from Wiktionary, Creative Commons Attribution/Share-Alike License
- v. Simple past tense and past participle of emancipate.
from the GNU version of the Collaborative International Dictionary of English
- adj. free from traditional social restraints; -- used especially of women.
- adj. freed from bondage.
from WordNet 3.0 Copyright 2006 by Princeton University. All rights reserved.
- adj. free from traditional social restraints
Sorry, no etymologies found.
She must be in Heaven now, continuously interceding for us, her crusade for a free Filipino, emancipated from the evils of corruption.
May she at last be frankly fat, emancipated from the frantic remodelings at the hands of corsetière and couturière?
I considered myself absolutely, eternally, delightfully emancipated from the yoke of indefensible superstitions.
Men only just emancipated from the yoke of slavery felt themselves called to enter the ministry and to preach the gospel to their own people.
That a being so young, so lovely, and so interesting, just emancipated from the gloom of a convent, unknowing of the world and to the world unknown, should thus have been wrecked on a sea of troubles, and thrown on the mercy of strangers under circumstances so dreadful, so uncontrollable, and not have sunk to rise no more, must be the wonder of every one.
One finds at Johnstown now, beautiful churches, ornamented cemeteries, and cheerful men and women, quite emancipated from the nonsense and terrors of the old theologies.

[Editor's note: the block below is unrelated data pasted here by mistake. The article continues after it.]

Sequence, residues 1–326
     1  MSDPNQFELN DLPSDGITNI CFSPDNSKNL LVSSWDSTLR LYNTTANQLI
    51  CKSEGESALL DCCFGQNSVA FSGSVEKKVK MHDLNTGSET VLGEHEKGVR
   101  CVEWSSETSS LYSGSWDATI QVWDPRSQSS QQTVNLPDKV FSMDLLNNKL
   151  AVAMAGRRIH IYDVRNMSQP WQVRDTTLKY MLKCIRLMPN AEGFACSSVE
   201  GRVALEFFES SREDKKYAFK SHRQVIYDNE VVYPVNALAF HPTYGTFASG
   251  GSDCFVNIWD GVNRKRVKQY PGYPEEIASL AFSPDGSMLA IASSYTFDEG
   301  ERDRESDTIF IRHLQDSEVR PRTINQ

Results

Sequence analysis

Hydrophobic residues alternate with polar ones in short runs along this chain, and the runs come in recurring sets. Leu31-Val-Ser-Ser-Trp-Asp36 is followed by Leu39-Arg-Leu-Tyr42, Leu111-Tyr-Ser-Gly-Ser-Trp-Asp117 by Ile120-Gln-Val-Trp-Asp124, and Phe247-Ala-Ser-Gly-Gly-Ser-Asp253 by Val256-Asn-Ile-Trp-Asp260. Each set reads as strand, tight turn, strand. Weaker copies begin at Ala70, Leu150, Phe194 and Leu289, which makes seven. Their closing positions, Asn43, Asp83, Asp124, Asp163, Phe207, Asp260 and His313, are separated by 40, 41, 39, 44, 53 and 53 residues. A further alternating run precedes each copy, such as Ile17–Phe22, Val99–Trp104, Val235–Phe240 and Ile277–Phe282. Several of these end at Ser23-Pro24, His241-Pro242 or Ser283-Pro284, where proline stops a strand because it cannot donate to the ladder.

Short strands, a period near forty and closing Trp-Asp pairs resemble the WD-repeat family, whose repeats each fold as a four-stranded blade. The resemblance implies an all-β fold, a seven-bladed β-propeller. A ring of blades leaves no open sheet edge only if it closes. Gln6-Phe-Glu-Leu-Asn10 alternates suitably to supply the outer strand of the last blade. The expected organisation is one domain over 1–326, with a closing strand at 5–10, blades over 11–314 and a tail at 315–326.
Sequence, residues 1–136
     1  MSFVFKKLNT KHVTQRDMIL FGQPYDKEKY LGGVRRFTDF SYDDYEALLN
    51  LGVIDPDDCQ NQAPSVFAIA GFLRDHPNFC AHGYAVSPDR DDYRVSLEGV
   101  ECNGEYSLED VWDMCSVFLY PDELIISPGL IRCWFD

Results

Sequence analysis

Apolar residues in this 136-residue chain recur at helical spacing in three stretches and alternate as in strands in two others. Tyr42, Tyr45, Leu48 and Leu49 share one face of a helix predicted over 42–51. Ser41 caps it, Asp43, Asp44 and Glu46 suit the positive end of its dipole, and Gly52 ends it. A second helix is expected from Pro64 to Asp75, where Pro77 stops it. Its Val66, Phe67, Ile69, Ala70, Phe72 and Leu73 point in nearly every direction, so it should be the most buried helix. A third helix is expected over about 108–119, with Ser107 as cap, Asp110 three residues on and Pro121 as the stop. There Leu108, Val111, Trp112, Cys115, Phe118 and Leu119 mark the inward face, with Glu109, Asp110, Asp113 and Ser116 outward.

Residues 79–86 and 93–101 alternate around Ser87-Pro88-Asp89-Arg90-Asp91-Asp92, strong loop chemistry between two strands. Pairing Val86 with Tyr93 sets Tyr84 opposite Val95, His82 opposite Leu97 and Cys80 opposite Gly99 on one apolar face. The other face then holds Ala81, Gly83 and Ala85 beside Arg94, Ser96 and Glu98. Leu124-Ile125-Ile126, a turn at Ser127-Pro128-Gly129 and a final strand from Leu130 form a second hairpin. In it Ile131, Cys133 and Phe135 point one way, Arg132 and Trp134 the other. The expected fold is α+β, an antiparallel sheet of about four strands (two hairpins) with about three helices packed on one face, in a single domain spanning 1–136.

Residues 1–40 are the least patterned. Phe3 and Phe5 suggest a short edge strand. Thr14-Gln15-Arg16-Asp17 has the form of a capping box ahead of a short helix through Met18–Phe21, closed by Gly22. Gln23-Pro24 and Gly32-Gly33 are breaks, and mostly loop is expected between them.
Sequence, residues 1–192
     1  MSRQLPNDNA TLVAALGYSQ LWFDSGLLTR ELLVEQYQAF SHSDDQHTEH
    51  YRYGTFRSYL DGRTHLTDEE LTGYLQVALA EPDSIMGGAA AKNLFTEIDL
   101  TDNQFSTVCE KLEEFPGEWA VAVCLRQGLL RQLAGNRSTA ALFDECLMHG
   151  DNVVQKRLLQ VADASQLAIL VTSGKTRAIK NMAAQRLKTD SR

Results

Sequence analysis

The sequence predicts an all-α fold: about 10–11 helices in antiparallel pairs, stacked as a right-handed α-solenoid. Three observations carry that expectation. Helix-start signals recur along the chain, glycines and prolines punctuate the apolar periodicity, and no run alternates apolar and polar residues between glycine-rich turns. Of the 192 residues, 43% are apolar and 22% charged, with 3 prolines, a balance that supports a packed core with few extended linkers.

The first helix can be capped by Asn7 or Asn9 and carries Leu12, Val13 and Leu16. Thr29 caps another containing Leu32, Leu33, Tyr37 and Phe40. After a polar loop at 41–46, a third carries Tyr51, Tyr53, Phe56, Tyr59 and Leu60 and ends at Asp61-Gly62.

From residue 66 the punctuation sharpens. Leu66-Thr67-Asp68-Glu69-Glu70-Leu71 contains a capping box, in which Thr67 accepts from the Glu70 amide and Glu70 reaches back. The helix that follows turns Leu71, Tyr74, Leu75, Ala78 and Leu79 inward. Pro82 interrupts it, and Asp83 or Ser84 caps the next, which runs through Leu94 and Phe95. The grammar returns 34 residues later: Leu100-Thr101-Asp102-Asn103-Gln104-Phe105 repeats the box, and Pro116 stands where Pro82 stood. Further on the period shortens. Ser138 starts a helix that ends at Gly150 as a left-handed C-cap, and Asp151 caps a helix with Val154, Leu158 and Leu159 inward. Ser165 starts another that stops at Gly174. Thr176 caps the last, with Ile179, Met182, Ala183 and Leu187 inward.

At an age when girls are generally at school, or indeed scarcely emancipated from the nursery, I was presented in society as a wife – and very nearly as a mother.
Everhard found himself now for the first time for many years entirely emancipated from the strain of a false position: - he had neither to endure clamorous abuse nor the heated atmosphere of his own reputation; he was there amongst his brethren, dwelling as kings amongst each other, in a majestic simplicity of thought and speech.
In the course of natural development, Cecily, whilst still a girl, threw for ever behind her all superstitions and harassing doubts; she was in the true sense "emancipated" -- a word Edward Spence was accustomed to use jestingly.
By and by he began to talk with the children about the nerves, which he called electric wires carrying messages to the brain; which delighted the children: and I said in deep reverence, Thank God, that man has been emancipated from the kitchen! he will work out his own salvation: the golden key of the universe has he grasped with his own right hand, and it will open to him every door in the arcana of Nature.